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| The divine comedy|
“”Hmmm, it seems that even geologically-confused 'yabba-daba-doo' merchants have jumped on the anti-naturalist bandwagon. Ladies and gentlemen, welcome to the low hanging fruit. In case you don't recognize this chap, his name is Carl Baugh; or to give him his formal academic title, Carl Baugh. He is infamous in creationist circles for being so incompetent that even other nut-cases who aren't worth listening to — such as Answers in Genesis, Creation Ministries International and Ken Ham — have expressed concerns that he might blow the whole gig.
|— YouTuber Gary Edwards on Baugh |
Carl Baugh (1936-) is an incoherent Young Earth creationist so inept at creationist apologetics that even Ken Ham has warned against relying on his bullshit. He is also infamous for a stilted, staccato word salad style of speaking that makes his presentation sound "like it has been translated from Chinese by someone with with Broca's aphasia." Also, just like "Dr." Dino, Baugh has a record of credentialism based on some rather, um, shaky documentation. His biography notes that he's made at least one expedition searching for Noah's Ark on Mount Ararat.
“”A crystalline firmament suspended above the planet filtered out short-wave radiation, and with its physical structure in place universal radio signals serenaded the earth with morning melodies. Planets in the Solar System were distributed at harmonic intervals on a large scale, consistent with the energy fields living seeds produce on a small scale.
|—A sampling of Carl Baugh's bizarre babble from the Creation Evidence Museum of Texas website.|
As for the contents of his creationist claims, Baugh has latched onto the most ridiculous and transparent bunk (hence Answers In Genesis' caution against relying on him) and has stuck to all of it long after slightly less crappy apologists have cut their losses and distanced themselves from it. Examples include everything from the Paluxy River tracks (which Baugh continued to defend in The Mysterious Origins of Man), Moab Man, and that the London Hammer is a genuine out-of-place artifact and evidence for a recent creation. Indeed, The Daily Show lampooned Baugh and his views back in 2001 when it interviewed him and he claimed that human history was like The Flintstones (no kidding…).
He has a truly mind-warping paper, entitled Crystalline Canopy Theory, posted on his website, but, despite statements like "Recent analysis of astronomical polarization data demonstrates that the universe has an optical axis, and the universe appears to behave in a similar way as a crystal with optical activity", it has nothing to do with crystal woo. Instead, as the slightly more comprehensible explanation provided by CreationWiki makes clear, Baugh's crystalline canopy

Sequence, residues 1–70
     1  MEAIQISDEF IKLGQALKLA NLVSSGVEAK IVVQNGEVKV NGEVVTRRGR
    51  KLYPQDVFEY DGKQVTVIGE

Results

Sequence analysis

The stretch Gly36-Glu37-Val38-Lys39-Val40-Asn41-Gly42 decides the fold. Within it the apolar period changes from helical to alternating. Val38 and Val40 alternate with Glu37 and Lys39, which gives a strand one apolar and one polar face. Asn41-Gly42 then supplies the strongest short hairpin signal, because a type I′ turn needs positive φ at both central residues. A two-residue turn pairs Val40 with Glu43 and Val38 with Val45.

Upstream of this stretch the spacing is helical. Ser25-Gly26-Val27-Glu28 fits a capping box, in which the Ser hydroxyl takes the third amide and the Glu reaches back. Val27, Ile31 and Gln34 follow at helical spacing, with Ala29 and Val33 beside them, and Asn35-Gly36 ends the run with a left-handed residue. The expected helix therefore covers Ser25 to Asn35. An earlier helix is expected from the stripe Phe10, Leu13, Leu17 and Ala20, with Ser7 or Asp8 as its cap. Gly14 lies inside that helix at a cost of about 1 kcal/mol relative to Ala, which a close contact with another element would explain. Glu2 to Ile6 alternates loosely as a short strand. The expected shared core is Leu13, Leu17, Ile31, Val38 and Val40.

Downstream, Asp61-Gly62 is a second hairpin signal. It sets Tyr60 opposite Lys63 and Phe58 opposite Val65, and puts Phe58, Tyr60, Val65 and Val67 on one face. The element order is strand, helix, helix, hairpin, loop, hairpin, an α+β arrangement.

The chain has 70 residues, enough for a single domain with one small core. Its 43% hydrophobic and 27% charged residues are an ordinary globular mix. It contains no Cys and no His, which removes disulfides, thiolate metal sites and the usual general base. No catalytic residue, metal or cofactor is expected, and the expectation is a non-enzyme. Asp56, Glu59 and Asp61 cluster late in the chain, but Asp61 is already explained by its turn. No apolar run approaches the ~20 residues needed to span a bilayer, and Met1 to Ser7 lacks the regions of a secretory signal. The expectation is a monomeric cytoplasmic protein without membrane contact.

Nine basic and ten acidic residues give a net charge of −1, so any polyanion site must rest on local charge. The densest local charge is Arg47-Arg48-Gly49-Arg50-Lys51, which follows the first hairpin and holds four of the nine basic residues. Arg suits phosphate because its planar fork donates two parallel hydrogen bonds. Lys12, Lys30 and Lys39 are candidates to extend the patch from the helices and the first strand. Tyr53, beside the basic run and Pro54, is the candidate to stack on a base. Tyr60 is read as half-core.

theory hypothesis idea is a variant on the claim that the waters of Noah's flood came from a canopy above the Earth and "crystalline" refers to Baugh's notion that the canopy was made of ice crystals.
Creation Evidence Museum
Baugh founded the Creation Evidence Museum (originally called Creation Evidences Museum) in a double wide trailer near Dinosaur Valley State Park in Glen Rose, Texas in 1984, 23 years before Ken Ham's more infamous Creation Museum in Kentucky. Later upgraded to a somewhat more attractive facility, the pseudo-museum is a "shapeless mass of… things and ideas and stuff that "isn't even wrong" and generic rocks and hyperbaric chambers and glass cases of unrelated fossils and evangelical kitsch." The museum includes a "replica" of Noah's Ark purporting to demonstrate an engineering technique used in the construction of the Ark. The "museum" also inexplicably includes a larger-than-life statue of American football coach Tom Landry.
“”We're sorry, the specified program is not valid.
|—Trinity Broadcast Networks, in a stopped clock moment, accurately describes Carl Baugh's TV show.|
Baugh presented a program called Creation in the 21st Century on Trinity Broadcasting Network, featuring guests like Ian Juby and "chemist scientist" John Morris Pendleton.[note 1] This series was countered by YouTube vlogger Logicked in a series called Science in the 12th Century. The program seems to have been inherited by David Rives.
- Creation Evidence Museum
- Carl Baugh at the Encyclopedia of American Loons
- Creation Evidence Museum report at the National Center for Science Education
- Pendleton is an
auto mechanicautomotive technician with a B.S. in chemistry from the University of Wisconsin-Madison who likes to dress up in a lab coat and claims to have "worked in cancer research for 1 1/2 years". He has been the focus of the Hello, I'm a Scientist debunking series by YouTuber Logicked.
- From the video entitled Fake Fossil Philosophy
- talk.origins, What About Carl Baugh? A Commentary by Answers in Genesis
- talk.origins, A Matter of Degree: Carl Baugh's Alleged Credentials (Originally published in NCSE Reports, Vol. 9, No. 6, Nov.-Dec. 1989)
- Director's Bio, Carl Edward Baugh creationevidence.org. Retrieved on 29 January 2016.
- Creation Model Session 6. creationevidence.org. Retrieved on 29 January 2016.
- Tyrannosaurus Redux., The Daily Show. 14 November 2001. Retrieved on 29 January 2016.
- Crystalline Canopy Theory
- CreationWiki: Crystalline canopy
- Creation Evidence Museum — About Us
- My trip to the Creation Evidences Museum in Glen Rose, Texas. thewhitedsepulchre.blogspot.com. 24 October 2010. Retrieved on 29 January 2016.
- What's New at CEM? Noah's Ark Replica. Retrieved on 29 January 2016.
- Creation in the 21st Century, hosted by "Dr." Carl Baugh. tbn.org. Retrieved on 29 January 2016.
- Science in the 12th Century. youtube.com. Retrieved on 10 February 2016.